Borrell says EU to manage ties with China in ‘constructive’ manner

By Laurie Chen and Philip Blenkinsop

BEIJING (Reuters) -The European Union’s top diplomat Josep Borrell said on Friday the EU was committed to managing bilateral relations with China in a “constructive and responsible manner” amid a threat of continued trade investigations that has raised Beijing’s ire.

Borrell, who was speaking at a press briefing after talks with his Chinese counterpart, Foreign Minister Wang Yi, said “we need fairness, balance and reciprocity in order to remain as open as we are and want to be”.

Borrell is on a long-anticipated three-day visit to China after two postponements earlier this year. His visit also comes a week after the EU launched an anti-subsidy investigation into Chinese electric vehicle (EV) imports – while also reportedly planning investigations of steelmakers producing excess in countries like China – as part of a pact with the United States.

Wang described the talks as “comprehensive, candid and friendly” and said China took Europe’s concerns on trade seriously, but urged the EU to avoid “protectionist” approaches and be cautious in using trade remedies.

“We need to keep industrial chains stable and maintain fair competition,” Wang said.

Earlier on Friday, Borrell urged China to redress economic and trade imbalances, or efforts by the EU to reduce its dependence on China might “accelerate far more than is good”.

“It is … in our interest to find common ground, to redress the imbalance in our economic and trade relations,” Borrell told students at the capital’s prestigious Peking University.

“Otherwise, de-risking may indeed accelerate far more than is good, as public opinion will increase its pressure on political leaders to disengage more from China.”

The 27-member EU’s record $426.08 billion trade deficit with the world’s second-largest economy has become a major sticking point in the relationship, along with Beijing’s close ties with Moscow since the 2022 Russian invasion of Ukraine.

“My question to China is how can we make this interdependency less conflictual,” Borrell said, referring to economic relations, adding that the EU and China needed to work together more than ever.

Brussels has dubbed China an “economic competitor and a systemic rival”, but both sides are determined to resume dialogue after the COVID-19 pandemic in the face of rising geopolitical tension, even as the relationship has grown more troubled in recent years.


Both Borrell and Wang touched on a broad range of hot-button issues, including the Israel-Hamas conflict that re-erupted after a devastating cross-border Hamas attack from Gaza.

Borrell said Israel’s call for more than a million Palestinians in Gaza to relocate to the enclave’s south in 24 hours to get out of harm’s way in an expected Israeli invasion of the small territory was “unrealistic”.

“EU foreign ministers agreed that Israel has the right to defend itself from aggression, but this has to be done in line with international law,” Borrell said.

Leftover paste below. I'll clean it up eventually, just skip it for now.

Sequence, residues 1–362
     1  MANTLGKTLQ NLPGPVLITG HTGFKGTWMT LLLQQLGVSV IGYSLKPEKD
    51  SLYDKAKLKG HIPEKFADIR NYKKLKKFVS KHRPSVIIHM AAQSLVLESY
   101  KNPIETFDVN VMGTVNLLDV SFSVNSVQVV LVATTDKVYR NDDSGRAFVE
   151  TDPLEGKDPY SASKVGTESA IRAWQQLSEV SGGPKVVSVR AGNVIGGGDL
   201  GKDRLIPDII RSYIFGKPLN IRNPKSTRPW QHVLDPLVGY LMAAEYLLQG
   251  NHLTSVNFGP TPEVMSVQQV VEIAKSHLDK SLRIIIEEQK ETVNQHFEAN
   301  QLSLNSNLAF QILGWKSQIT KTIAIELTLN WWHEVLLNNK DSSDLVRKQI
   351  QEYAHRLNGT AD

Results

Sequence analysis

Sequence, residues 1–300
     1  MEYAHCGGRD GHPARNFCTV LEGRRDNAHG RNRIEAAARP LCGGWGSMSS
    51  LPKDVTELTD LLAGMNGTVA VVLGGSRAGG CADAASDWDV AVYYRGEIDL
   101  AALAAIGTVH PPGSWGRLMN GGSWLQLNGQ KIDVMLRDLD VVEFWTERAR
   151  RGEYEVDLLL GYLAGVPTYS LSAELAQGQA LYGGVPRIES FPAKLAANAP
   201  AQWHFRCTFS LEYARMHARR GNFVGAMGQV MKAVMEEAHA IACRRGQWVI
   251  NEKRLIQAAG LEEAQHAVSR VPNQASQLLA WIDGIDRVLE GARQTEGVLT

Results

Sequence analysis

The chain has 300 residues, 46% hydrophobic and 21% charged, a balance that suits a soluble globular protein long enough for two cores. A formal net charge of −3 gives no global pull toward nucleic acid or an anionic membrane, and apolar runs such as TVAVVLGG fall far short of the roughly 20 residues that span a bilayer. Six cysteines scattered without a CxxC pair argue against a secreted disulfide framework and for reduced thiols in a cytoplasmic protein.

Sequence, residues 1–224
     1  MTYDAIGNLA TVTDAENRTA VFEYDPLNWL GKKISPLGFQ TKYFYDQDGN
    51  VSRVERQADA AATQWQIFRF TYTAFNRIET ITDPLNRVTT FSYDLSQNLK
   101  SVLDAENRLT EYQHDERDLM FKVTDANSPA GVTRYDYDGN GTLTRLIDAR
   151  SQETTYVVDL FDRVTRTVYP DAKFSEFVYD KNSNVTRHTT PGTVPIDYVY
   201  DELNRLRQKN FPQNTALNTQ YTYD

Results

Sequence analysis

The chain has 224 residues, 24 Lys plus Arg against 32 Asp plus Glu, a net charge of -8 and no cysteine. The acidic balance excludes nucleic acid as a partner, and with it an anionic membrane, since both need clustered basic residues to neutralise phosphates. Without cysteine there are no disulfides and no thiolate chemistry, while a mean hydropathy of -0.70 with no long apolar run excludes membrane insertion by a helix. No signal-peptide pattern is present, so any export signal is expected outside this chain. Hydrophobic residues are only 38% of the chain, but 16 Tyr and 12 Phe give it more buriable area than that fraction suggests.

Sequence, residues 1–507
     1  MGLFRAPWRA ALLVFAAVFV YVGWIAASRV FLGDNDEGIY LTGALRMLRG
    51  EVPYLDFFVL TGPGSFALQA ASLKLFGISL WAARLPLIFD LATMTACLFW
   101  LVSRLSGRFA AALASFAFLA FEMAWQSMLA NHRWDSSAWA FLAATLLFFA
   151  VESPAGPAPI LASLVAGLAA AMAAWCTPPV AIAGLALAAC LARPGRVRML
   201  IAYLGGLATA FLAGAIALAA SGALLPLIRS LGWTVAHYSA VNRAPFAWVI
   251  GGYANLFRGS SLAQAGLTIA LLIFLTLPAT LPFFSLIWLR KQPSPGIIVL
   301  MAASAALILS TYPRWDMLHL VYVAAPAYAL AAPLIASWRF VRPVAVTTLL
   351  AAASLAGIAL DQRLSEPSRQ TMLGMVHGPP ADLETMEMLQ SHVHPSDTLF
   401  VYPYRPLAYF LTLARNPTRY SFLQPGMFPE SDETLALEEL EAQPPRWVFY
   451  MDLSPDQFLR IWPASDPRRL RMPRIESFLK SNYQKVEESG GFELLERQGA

Wang, who reiterated that China condemned all acts that harm civilians and opposed any violation of international law, also said relevant countries must avoid causing an even bigger blow to international and regional security.

He said China was communicating with key parties over the Israel-Hamas conflict and would take part in emergency U.N. Security Council sessions on the matter. A special Chinese envoy for Middle East peace would visit relevant countries for talks.

“When the two-state solution is completely implemented, the Middle East will be able to enjoy lasting peace and Israel enduring security,” Wang said, alluding to Palestinians’ quest for statehood in Israel-occupied territory.

“The Palestinian question is at the heart of Middle East issues and a wound that keeps being torn open in today’s world.”

Borrell said he also asked China to use its influence on Russia to stop its war in Ukraine and agree to a revival of the Black Sea grain export deal.

“We count on China to support Ukraine peace negotiations,” he said, while adding that up until now, there had not been any direct Chinese military support for Russia.


Borrell’s visit also aimed to lay the groundwork for an EU-China summit expected before the end of 2023, and comes after a string of trips to China by top EU officials in recent months.

“It’s a complex relationship and there are irritants,” said a senior EU official. “It’s about realism and being open about what we need to do as the EU and defend our interests … It’s about honesty and engagement.”

Chinese state media tabloid Global Times said in a Thursday editorial the visit presented a “significant opportunity for candid communication” but it urged the EU to maintain strategic autonomy from the United States.

Key to Borrell’s agenda will be convincing Beijing that the EU does not seek to decouple from China but wants to reduce critical dependencies and achieve a more balanced relationship, the EU official said.

(Reporting by Laurie Chen, Albee Zhang, Bernard Orr and Ethan Wang in Beijing, and Philip Blenkinsop in Brussels; Editing by Jamie Freed, Robert Birsel)